Wednesday, March 31, 2010

Richardson scandal raises fashion industry issues

I guess the fashion world thought it wasn’t fair for ESPN to hog all the sex-scandal media. Good news, Tiger Woods — you have someone here to steal your spotlight.

Famed fashion photographer Terry Richardson was recently accused of sexual misconduct. After he published a photo of Danish model Rie Rasmussen in his book “TerryWorld” without her permission, she told Page Six that Richardson “takes girls who are young, manipulates them to take their clothes off and takes pictures of them they will be ashamed of. They are too afraid to say no because their agency booked them on the job and are too young to stand up for themselves.” Richardson has since denied the allegations.

Since then, an article in the Huffington Post reported that a number of other models have come forward to complain about Richardson’s alleged creepy behavior.

Though Richardson’s reps haven’t commented on any of the models’ allegations, Richardson took to his blog to defend himself on Tuesday, saying the allegations are “hurtful” and “false.”

The important issue here isn’t whether the allegations are true or not — it’s what the scandal has brought into the public eye as far as the modeling industry goes.

Now, Richardson is well known for his sexually provocative work. This is a guy who doesn’t shy away from nudity or explicit images. If you’re not familiar with his work, know that his photo style is probably the inspiration for American Apparel’s ads. That should give you a visual.

Here’s the thing — Richardson is a big deal. He’s shot ad campaigns for everyone from Gucci to Miu Miu and features for every fashion publication that matters. Celebrities and models just starting out in the business jump at the chance to have him take their picture. They know if Richardson shoots them, they’ve hit gold.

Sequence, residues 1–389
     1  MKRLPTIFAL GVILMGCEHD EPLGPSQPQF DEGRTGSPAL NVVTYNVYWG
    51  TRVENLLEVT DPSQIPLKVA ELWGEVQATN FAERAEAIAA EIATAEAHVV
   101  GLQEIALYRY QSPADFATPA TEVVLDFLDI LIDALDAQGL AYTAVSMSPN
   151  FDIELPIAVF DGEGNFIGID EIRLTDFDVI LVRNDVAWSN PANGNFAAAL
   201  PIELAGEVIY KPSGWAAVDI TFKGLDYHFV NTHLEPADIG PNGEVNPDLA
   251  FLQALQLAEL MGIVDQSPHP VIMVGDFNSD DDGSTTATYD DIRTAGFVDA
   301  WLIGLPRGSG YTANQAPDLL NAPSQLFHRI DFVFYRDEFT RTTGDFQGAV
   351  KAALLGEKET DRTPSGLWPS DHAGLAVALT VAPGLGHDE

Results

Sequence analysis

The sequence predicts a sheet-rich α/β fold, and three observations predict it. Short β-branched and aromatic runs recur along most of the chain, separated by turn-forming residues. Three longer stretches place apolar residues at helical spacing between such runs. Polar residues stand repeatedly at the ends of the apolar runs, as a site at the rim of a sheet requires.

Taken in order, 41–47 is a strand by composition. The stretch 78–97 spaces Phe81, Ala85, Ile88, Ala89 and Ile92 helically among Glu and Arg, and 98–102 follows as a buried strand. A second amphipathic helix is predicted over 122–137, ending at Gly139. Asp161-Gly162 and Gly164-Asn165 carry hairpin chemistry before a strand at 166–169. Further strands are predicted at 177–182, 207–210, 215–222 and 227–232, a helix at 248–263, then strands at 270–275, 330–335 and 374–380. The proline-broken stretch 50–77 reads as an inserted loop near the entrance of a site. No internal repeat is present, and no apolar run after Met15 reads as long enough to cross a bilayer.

So is it his industry power that makes his sexually suggestive photo shoots acceptable?

Two weeks ago, every major fashion news outlet was running a near-daily update about Richardson. This week, the coverage is already winding down. Maybe “Terrygate 2010” is indicative of the fashion industry itself. Scandals, like trends, rotate quickly. What’s big news one day is long forgotten and abandoned to the discount dump the next.

But isn’t the media hoopla surrounding these young models worth a little more attention than a short-lived trend? Many people are concerned about the well-being of the minors Richardson has shot. Some suggest that a parent or agent should be present during shoots. But what about the over-18 models? Just because you’re in your early 20s doesn’t necessarily mean it’s easier to get yourself out of a bad situation.

The scandal seems to have split the fashion world. Model and actress Noot Seear, who has worked with Richardson, told New York Magazine that “Terry’s a really cool guy. It’s not like he pressures you into doing anything you’re not comfortable with.”

Marc Jacobs has also come out to defend him. Jacobs told The Wall Street Journal, “I’ve worked with Terry, and Terry has asked me to do some crazy things. I know that those pictures will exist if I do them. But I’m a big boy, and I can say no.”

But sometimes saying no is easier in theory than in practice.

I’m hesitant to take a position on the issue. On one hand, allegations of sexual misconduct should always be taken seriously. Making anyone uncomfortable, regardless of age, is never OK. These models shouldn’t be put (or put themselves) in explicit situations in the first place if they might present situations that could be perceived as inappropriate. If this scandal results in nothing more, it will at least make more models aware of what they’re getting into with Richardson as far as the nature of his work.

On the other hand, I can acknowledge and understand why many fashion insiders don’t bother worrying about the provocative atmosphere of Richardson’s shoots. Fashion is an art. It’s a place were the weird and avant-garde is celebrated. From an outsider’s perspective, Richardson’s tactics seem stranger than the polygamist family demographics on “Big Love” would to a devout Catholic. To those on the inside, however, it’s popular culture — and as such, it’s a known concept that sex sells.